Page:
About Anorectal Manometry
The lowest part of the digestive system consists of the rectum (where feces is stored before it's passed) and the anus (the opening of the gastrointestinal tract where stool is expelled), which is sometimes referred to jointly as the "anorectal" area. Connected to the end of the rectum are the sphincter muscles, which contract to allow bowel movements to pass. When you experience abnormal bowel movements, our board-certified surgeons may perform an anorectal manometry. This is a test that is used to measure how well your rectum and sphincter muscles are functioning and to provide our team with a better understanding of your bowel movements.
For this diagnostic, a catheter (small tube) will be inserted into your anus and rectum. We will then gradually inflate a balloon, causing your muscles to squeeze as our advanced machine records the data. At Houston Colon and Rectal Surgery, anorectal manometry tests are performed at our North Houston and West Houston, TX offices to diagnose fecal incontinence, constipation, and a range of other conditions. Contact our facility and schedule a consultation with a member of our team if you or a family member have been experiencing abnormal bowel movements, such as being unable to go or incapable of controlling your stool.
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Anorectal Manometry Before the Exam
An anorectal manometry does require some pre-examination prep work. Prior to your appointment, a member of our team will tell you exactly what to do and what you can expect before your test. This will include not eating or drinking anything after midnight the night before your diagnostic. Since your bowels will need to be empty before the examination, you will need to give yourself a Fleet® enema 2 – 3 hours before your appointment. These can often be purchased at a local drugstore. While an anorectal manometry will not typically interfere with prescription drugs, you will need to inform our surgeons of medications you are currently taking so they can advise you accordingly.
Anorectal Manometry During the Exam
You will not require sedation for your anorectal manometry. Once you are ready for the test, we will ask you to get comfortable and lie on your side. Once you're relaxed, a small tube (catheter) will slowly be inserted through the anus and into your rectum. Some patients report experiencing minor discomfort as the catheter is inserted, but you should not feel any pain. Once the tube is in position, a balloon device on the end of the catheter will gradually expand, causing the sphincter muscles to contract. The outside end of the tube is connected to a machine, which will record the contractions and relaxations that occur in your sphincters and rectum. When the data has been collected, the small tube will be removed steadily. The process takes about 30 minutes to complete. After your diagnostic is over, our trained colorectal surgeon will analyze the results to assess your condition. With the information gained from your anorectal manometry, we will be able to better understand your bowel movements and craft a plan for treatment.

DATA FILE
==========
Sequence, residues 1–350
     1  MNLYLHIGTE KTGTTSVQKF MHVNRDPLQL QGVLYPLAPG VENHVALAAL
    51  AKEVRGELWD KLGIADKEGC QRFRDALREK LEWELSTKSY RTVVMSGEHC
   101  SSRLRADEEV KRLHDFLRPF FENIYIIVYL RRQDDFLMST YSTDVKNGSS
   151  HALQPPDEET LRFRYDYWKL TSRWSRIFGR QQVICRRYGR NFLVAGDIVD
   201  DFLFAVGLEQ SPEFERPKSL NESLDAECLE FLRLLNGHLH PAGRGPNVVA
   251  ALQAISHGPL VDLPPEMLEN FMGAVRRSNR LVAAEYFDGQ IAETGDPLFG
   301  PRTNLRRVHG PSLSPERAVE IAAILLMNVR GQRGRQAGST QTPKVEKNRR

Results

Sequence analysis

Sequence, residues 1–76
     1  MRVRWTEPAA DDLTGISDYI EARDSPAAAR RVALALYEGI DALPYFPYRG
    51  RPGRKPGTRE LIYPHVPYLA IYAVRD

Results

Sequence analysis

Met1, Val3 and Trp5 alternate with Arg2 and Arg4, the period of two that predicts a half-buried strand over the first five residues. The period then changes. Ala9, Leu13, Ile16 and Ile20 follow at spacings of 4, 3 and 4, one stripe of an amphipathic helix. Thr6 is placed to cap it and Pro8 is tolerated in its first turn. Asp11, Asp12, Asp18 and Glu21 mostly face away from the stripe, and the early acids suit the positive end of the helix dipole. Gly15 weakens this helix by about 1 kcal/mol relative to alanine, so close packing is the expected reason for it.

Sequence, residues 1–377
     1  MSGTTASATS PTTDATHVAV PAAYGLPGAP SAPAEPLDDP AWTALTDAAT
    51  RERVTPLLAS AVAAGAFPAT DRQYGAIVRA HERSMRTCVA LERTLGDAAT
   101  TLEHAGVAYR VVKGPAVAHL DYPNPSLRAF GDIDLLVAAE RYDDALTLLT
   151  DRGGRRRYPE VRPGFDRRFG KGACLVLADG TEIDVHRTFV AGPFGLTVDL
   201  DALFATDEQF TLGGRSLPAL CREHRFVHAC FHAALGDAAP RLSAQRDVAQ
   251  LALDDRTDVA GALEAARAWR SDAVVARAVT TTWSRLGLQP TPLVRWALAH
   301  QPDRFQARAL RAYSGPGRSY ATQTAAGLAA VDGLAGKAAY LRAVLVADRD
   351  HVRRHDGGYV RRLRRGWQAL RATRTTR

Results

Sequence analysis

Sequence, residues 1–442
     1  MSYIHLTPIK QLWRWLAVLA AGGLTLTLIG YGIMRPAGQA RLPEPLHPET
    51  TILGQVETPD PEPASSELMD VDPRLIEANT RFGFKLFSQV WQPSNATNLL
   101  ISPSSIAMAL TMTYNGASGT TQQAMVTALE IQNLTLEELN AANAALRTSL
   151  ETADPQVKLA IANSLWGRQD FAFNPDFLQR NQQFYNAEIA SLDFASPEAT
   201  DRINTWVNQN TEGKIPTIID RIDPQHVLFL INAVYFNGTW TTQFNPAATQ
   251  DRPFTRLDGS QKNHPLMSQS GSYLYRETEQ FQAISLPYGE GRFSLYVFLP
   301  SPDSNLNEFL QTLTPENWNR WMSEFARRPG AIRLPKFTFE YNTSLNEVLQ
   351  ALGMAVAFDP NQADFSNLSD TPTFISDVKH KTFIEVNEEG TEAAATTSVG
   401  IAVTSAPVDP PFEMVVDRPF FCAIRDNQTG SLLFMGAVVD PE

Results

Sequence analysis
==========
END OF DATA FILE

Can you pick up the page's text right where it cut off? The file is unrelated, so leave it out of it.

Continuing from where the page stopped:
Additional Testing for Anorectal Manometry
Since there are many potential causes for fecal incontinence and constipation aside from the function of the rectum and sphincters, you may need to receive additional testing. If the underlying root of your bowel movement concerns is not determined following your anorectal manometry, our surgeons may perform a colonoscopy, CT scans, or other diagnostics. If you require further testing so we can further assess your situation, our team at Houston Colon and Rectal Surgery will make this known to you and give you the information you need so that you may prepare accordingly.
ADVANCED ANORECTAL TESTING
At Houston Colon and Rectal Surgery, our team of skilled specialists takes a comprehensive approach to diagnose your anorectal concerns, such as fecal incontinence and constipation. When performing diagnostic tests, such as anorectal manometry, we ensure that you are comfortable throughout the entire process. If you've noticed any abnormalities with your bowel movements, we encourage you to contact one of our offices in North Houston or West Houston, TX where our staff will work with you to diagnose your condition and develop a personalized plan for treatment.